73

74 (1)Below you see a summary of Grimm’s law. What does Grimm’s law describe? *p t k >f D x/h *b d g >p t k *bh dh gh>b d g (2)Explain how Latin influenced English in the OE period. (3)Characterize the basic word order of OE. (4)Characterize the vocabulary that English borrowed from Old Norse. (5)What is the historical source of the present perfect in Modern English? (6)Characterize the major developmental changes in the English grammar during the ME period.

75 Perfect (1)Ic hæbbe [þo-nefisc gefange-ne] I have the-ACC fish caught-ACC ‘I have the fish caught’ (=I have the fish in a state of being caught)

76 Grammatical innovations Loss of inflectional morphology. Development of rigid word order. Development of analytical verb forms.

77 Word order in main clauses Middle English (2)In the contre of Ethyop they slen here childeryn byforn here goddys. ‘In the country of Ethiopia they slay their children in front of their gods.’ Old English (1)Þa eode se biscop into þa oþaere cyrcan then went the bishop into that other church ‘Then the bishop went into the other church.’

78 Word order in main clauses Nowe haue ye herde þe vertues & þe significacouns. ‘Now have you heard the virtues and the meanings.’ (1)Never has Peter talked to him. (2)Under no circumstance would she talk to him. (3)Only on the weekend does he have time to cook dinner.

79 Future and swiche wolle have the kyngdom of helle, and not of hevene. ‘and such will have the kingdom of hell, and not of heaven’

80 Passive Vorgangspassive:wesen Zustandspassiveweorthan [men] that wol nat be governed by hir wyves. ‘[men] that will not be governed by their wives.’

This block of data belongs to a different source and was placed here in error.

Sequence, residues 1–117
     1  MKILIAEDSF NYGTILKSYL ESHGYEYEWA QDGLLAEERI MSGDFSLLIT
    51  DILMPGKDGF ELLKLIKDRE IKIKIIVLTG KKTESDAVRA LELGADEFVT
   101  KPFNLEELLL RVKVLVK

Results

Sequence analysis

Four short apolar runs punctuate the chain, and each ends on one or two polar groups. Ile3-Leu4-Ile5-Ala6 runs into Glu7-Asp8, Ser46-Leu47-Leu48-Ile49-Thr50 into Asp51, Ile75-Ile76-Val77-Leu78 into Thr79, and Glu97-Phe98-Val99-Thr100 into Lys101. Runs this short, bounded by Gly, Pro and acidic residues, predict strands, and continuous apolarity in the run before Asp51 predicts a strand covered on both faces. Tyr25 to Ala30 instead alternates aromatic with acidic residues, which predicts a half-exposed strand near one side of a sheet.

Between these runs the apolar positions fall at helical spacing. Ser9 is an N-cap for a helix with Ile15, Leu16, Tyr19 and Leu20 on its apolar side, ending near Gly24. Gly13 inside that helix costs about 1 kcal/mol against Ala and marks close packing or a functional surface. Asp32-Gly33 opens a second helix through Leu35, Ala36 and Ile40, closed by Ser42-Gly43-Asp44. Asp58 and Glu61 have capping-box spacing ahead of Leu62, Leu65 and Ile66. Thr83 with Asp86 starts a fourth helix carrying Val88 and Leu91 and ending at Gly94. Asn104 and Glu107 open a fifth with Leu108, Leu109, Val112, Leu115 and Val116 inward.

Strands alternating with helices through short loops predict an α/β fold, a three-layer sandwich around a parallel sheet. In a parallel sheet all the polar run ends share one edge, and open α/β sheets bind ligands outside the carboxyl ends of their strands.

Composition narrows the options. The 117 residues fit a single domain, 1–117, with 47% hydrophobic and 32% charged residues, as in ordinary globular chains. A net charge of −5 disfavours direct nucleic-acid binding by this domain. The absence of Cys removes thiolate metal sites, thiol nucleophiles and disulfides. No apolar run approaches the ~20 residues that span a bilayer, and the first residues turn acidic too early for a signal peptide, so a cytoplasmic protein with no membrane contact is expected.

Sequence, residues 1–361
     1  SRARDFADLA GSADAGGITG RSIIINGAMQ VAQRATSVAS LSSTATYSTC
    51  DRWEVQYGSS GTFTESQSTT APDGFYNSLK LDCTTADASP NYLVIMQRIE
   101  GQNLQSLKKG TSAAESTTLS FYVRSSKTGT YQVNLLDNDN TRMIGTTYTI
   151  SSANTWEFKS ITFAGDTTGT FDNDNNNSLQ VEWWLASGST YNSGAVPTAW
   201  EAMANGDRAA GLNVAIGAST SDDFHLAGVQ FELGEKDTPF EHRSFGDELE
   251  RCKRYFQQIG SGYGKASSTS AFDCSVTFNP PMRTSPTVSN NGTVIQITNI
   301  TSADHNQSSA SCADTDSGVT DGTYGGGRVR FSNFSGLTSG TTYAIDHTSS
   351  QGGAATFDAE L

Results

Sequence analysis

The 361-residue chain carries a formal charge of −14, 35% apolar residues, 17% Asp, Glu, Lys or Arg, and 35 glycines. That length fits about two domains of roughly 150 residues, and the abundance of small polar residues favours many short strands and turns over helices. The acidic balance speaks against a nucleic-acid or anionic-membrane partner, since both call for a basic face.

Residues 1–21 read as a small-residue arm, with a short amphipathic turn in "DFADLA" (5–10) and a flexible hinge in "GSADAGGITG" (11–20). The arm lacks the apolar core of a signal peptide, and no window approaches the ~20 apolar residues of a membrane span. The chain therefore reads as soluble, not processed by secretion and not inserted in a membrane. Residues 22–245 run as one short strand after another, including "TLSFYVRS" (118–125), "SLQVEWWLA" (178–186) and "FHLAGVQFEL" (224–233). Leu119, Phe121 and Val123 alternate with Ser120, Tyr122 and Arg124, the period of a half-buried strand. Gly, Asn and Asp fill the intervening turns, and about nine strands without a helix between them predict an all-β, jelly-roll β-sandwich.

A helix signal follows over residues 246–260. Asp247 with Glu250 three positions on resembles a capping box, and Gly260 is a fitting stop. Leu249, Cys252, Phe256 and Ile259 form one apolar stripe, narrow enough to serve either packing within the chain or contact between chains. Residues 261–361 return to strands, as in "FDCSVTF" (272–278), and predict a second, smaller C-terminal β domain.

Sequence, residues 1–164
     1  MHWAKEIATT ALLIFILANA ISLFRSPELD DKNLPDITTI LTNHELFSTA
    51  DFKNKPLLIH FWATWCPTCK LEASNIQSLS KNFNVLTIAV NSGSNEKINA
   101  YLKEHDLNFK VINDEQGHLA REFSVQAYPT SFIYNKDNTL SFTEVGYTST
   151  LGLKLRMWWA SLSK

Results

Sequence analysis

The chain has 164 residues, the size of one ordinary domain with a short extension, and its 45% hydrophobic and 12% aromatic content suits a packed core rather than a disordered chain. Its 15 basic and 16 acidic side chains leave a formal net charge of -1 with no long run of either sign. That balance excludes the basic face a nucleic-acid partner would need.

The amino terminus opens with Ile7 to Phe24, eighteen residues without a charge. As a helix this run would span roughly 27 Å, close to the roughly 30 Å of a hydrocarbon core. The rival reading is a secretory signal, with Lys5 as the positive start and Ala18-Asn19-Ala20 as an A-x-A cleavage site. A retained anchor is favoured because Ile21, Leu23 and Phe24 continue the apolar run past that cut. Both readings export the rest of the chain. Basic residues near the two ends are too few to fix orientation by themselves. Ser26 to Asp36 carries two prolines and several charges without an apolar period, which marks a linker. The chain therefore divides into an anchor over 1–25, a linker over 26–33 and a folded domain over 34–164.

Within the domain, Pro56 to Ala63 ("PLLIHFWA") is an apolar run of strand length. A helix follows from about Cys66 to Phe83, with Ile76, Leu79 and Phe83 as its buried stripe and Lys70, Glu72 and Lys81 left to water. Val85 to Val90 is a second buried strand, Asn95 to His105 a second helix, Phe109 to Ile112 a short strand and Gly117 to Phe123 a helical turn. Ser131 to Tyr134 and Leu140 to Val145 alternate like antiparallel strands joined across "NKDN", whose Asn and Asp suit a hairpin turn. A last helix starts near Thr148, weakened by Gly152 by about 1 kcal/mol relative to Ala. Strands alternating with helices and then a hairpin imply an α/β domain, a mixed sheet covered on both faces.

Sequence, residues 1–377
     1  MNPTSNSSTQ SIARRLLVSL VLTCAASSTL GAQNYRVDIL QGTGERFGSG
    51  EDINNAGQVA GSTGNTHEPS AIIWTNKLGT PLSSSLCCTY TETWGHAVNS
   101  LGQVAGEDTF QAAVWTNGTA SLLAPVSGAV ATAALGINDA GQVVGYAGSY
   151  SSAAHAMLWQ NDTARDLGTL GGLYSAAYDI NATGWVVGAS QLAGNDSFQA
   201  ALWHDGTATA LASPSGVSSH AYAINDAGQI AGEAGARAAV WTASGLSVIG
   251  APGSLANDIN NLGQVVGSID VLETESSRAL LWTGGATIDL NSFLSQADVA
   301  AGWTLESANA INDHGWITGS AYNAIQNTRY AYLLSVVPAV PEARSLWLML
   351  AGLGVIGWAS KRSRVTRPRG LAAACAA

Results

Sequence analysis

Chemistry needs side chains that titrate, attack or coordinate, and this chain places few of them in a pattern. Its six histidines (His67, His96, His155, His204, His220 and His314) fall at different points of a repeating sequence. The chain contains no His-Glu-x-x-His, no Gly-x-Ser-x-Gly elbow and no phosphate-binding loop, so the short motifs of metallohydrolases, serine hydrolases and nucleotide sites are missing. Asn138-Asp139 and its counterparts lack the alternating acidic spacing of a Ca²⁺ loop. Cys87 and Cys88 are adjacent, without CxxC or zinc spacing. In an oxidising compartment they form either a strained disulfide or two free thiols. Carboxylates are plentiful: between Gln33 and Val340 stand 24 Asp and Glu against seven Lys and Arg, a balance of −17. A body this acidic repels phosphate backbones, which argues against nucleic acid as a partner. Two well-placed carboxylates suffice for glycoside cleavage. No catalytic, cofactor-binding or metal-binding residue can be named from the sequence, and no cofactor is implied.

81 Modal verbs (1)þat y mowe riche be ‘that I may rich be’ (1)*Do I may go home (2)*I do not may go home. (3)*I may to go. (4)*I am maying go home.

82

83 Was Middle English a creole? (Baugh & Cable p.125)

84 Middle English was not a creole: The development of Middle English was very different from the development of a creole language. Although Middle English has very little morphology, it has complex syntactic structures and an intricate phonological system.

85 The discussion about the creolization of English demonstrates how radically English changed in Middle English: 1. different vocabulary 2. different grammar

86 What led to the grammatical changes? The Norman Conquest had a significant effect on the English vocabulary, but did it also affect the English grammar?

87 Why did English grammar change so much? The stress pattern The contact with Old Norse The loss of an English standard

88 Middle English Dialects

89 And one of theym named Sheffelde, a mercer, cam in-to an hows and axed for mete; and specyaly he axyd after eggys. And the goode wyf answered, that she coude speke no frenshe. And the marchaunt was angry, for he also coude speke no frenshe, but wolde have hadde egges, and she understode hym not. And thenne at laste a nother sayd that he wolde have eyren.

90 Middle English Dialects Southeyr-en Northegg-es South–ethloveth North–esloves South–indelovinde North–andelovande Southhi, here, hem Norththey

91 What distinguishes a language from a dialect? Languages and Dialects

92 Scandinavian languages

93 Chinese Dialects

94 Dialects vs. Languages The distinction between the terms language and dialect is based on a variety of criteria: 1. linguistic (mutual intelligibility), 2. political, 3. social, 4. cultural.

95 Regional transitions are fluid